Kevin watched over Wren’s shoulder as a news anchor narrated what was happening in the park. The helicopter gave a clear view of the US military vehicles that tore into the park from where they had been stationed at the edge of Locus’ area of effect.
“Should I-” Kevin said, voice low.
“You wouldn’t be able to make it,” Wren said. “And you wouldn’t really be helpful in this state.”
Kevin visibly sagged, exhaustion catching up with him, relieved but feeling useless. On Wren’s laptop screen, more soldiers poured out of the army vehicles and encircled the dark blob that concealed the center of the park. Out of one of the larger vehicles emerged a group of soldiers in distinctive red and gold powered armor. Leading them was a man in ragged army fatigues with a heavy mask over his face.
“Temple,” hissed Kevin.
All at once, the dark blob collapsed inwards on itself, leaving behind only a cluster of confused soldiers. Temple pointed towards the helicopter and a moment later, the screen washed out with bright white light like an overexposed photograph. The feed cut back to the news anchors. Wren checked his phone and smiled grimly and Kevin took a step back and sat on his bunk.
“Oh neat, classes are cancelled until after Thanksgiving break,” Wren said.
“Not really surprising,” Kevin said.
The faint audio from Wren’s laptop caught Kevin’s attention. “We are now receiving footage from before the event that may shed some light on-”
“Turn it off,” Kevin said, then more urgently, “Turn it off!”
He lunged across Wren, grabbing for the lid of the laptop to slam it shut, but he stopped short. A brightly-colored test pattern flashed onto the screen, cutting off the stream mid-sentence. Wren rocked back in his chair, surprised.
“Attention: this broadcast has been interrupted in response to a precognitive warning received from a reliable source within the United States Department of Metahuman Affairs. This broadcast is believed to have contained potentially harmful images, audio, or information. For your safety, this channel, and other channels broadcasting these signals, will be quarantined until the threat has passed. Stand by for additional information.”
“They can do that?” Wren said. He stared at the screen, eyes wide.
Kevin fell back onto the bunk. “Ugh, I’m going to sleep. Wake me up if the building’s on fire.”
Wren gave a distracted “sure,” and within minutes, Kevin was asleep.
Wren hesitated for a moment, then started up a more aggressive proxying service.
In the newsroom, Sam stopped the moment the “On air” light went out.
“You cut me off. Why did you cut me off?” she said.
Amit at the monitor shook his head. “I didn’t,” he said, turning it to face her so she could see the test pattern. “Emergency alert.”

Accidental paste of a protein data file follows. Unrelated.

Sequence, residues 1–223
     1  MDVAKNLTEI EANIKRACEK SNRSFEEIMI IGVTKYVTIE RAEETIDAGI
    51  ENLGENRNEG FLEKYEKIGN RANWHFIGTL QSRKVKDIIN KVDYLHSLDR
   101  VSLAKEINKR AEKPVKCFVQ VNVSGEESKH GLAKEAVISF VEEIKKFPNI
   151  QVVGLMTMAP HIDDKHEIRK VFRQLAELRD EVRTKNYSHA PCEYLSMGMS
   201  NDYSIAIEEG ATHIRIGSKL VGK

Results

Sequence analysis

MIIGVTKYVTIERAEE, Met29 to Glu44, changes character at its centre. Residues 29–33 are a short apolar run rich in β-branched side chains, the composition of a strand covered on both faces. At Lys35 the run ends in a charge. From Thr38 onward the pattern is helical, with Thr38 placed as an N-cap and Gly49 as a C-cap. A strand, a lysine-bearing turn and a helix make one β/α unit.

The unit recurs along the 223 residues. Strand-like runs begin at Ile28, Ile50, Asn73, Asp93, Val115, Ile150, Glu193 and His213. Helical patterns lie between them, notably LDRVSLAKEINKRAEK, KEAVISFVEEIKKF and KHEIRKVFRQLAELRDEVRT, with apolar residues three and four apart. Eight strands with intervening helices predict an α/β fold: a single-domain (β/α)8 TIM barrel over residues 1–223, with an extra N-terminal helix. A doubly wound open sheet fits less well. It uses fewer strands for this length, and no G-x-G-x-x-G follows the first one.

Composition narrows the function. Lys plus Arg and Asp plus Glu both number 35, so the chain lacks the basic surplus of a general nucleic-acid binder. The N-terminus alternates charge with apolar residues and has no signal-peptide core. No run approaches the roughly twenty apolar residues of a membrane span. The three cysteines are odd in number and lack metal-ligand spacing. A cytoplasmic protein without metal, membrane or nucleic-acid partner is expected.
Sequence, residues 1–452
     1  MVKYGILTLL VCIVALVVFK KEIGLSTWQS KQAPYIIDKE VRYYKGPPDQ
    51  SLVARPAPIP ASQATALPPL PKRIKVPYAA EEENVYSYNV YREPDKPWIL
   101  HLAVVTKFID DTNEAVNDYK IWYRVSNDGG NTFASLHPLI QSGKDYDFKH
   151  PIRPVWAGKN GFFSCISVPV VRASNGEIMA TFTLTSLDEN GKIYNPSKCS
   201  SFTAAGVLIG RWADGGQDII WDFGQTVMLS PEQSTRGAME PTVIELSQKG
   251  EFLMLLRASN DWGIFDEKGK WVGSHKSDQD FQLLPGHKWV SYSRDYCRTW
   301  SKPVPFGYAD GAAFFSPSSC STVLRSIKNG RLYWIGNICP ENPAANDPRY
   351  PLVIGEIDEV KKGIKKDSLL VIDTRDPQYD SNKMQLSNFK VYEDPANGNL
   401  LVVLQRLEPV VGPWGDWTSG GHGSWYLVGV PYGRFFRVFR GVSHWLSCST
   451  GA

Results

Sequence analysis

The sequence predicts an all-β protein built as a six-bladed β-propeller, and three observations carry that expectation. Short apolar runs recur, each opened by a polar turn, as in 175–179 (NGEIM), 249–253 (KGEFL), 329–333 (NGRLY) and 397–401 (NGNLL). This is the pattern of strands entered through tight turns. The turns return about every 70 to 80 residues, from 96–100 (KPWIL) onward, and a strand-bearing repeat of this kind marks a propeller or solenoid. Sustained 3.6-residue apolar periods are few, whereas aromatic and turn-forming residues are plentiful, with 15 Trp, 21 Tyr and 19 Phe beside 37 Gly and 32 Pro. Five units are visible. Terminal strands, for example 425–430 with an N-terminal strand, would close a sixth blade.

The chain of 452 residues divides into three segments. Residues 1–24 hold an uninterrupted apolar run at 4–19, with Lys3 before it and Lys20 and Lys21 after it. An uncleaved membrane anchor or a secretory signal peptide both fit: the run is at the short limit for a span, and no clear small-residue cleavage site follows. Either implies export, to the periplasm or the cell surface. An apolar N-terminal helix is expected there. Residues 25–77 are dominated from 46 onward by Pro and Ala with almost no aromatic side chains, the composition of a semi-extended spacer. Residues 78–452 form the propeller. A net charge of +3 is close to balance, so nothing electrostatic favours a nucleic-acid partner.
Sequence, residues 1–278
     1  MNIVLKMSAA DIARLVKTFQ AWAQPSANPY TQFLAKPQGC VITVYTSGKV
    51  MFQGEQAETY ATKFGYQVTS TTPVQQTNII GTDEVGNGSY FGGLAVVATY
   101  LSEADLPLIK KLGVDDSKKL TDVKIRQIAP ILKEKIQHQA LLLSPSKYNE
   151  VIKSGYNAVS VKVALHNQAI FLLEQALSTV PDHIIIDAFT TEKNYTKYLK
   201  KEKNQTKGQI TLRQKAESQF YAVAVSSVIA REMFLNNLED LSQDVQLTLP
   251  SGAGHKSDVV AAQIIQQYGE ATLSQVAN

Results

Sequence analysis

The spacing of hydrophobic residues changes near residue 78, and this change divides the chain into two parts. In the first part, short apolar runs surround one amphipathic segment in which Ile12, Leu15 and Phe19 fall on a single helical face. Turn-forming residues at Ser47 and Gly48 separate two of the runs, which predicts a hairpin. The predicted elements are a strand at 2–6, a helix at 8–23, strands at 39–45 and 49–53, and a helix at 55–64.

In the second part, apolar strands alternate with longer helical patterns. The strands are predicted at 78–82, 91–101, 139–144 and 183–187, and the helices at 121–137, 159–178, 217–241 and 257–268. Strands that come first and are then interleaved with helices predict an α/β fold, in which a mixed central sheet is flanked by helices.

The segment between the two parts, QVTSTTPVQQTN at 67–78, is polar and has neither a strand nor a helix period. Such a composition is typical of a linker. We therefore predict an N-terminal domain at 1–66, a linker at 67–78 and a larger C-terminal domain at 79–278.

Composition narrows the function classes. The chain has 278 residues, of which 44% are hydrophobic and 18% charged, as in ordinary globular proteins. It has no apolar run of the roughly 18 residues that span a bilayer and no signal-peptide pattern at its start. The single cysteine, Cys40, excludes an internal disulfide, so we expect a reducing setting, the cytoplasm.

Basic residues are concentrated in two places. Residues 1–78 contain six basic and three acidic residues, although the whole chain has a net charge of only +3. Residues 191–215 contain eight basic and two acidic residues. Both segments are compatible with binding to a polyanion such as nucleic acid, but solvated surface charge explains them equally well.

“Goddammit,” Sam swore, “in ten minutes that footage will be old news.”
“As far as we know we’re the only ones who got it,” Amit assured her, but she didn’t seem placated.
“At this rate we’ll be playing second fiddle to the BBC,” she muttered to herself.
In the editing room on the other side of a soundproofed glass partition, Paul listened to the beginning of the emergency broadcast through one ear of his headphones. Anu pulled hers off and leaned back from the desk.
“Glad to see someone up top is finally taking these Nightmare events seriously,” she said.
“That’s not what this is,” Paul said, voice low. He leaned forward and grabbed the keyboard and mouse. “This is a cover-up.”
“It’s always a cover-up with you,” Anu said, then saw what he was doing. He opened up a web browser and dragged one of the clips from the media queue into an upload box.
The door of the studio burst open and a squad of armed, body-armored SWAT troopers poured into the room. Each of them wore a pair of heavy goggles and had a patch on their left arm marking them as ‘MEDUSA.’
“Everybody get on the ground!” shouted one of the MEDUSA troopers. Amit stood, hands raised then lowered himself to the ground. Sam shrieked in surprise, but then did the same, visibly shaking. Paul ducked below the desk, one hand still on the mouse.
“Do what they say,” Anu whispered at him, doing the same as Sam and Amit.
One of the troopers saw them and pivoted to point his weapon their direction.
“Step away from the computer,” he commanded.
Paul ignored him, even as several more of the troopers turned and trained their weapons on Paul. Anu gestured frantically to him from the floor.
“Step away now!” ordered the MEDUSA trooper
Paul stood, hands up, and the MEDUSA troops relaxed a bit. Paul glanced down at the screen out of the corner of his eyes and his hand flicked out and tapped a key.
A sharp *pop* and a burst of purplish light from one of the weapons knocked Paul off his feet, seizing. He hit the desk on his way down and pulled the monitor to the floor with him. Sam stifled a scream, and Anu froze in horror. Amit clutched at the carpet and looked away. The smell of ozone filled the editing room.
The squad converged on Paul. One of the troopers tried to wake the computer, while another trained his weapon on the fallen editor.
“We have a potential upload,” the man at the computer said after it didn’t respond. “Source is fried. Too close to the PEP.” He looked down at Paul still twitching on the floor. “You son of a bitch. You have no idea what you’ve done.”
Mafic and Felsic staggered out into the street. Lumen had exited her power armor and was crouched on the curb, the armor standing over her.
“Lumen,” Mafic greeted her. “Get any sleep?”
“Not a wink,” the blonde tinker croaked. “Where’s Seep?”
“Passed out in the lobby.” Felsic groaned. “Y’all want pizza? I could demolish a pizza.”
“And maybe a gallon of beer,” Mafic added.
Lumen stood up and stepped backwards into the power armor.
“One of you grab Seep. I’ll deal with this joker.” She nodded towards Ransom, still half-encased in Felsic’s crystals. “Nowhere will be open. We have food back at HQ.” Now fully armored, she hefted the whole block of crystal into the back of the SWAT van that Ransom had driven in.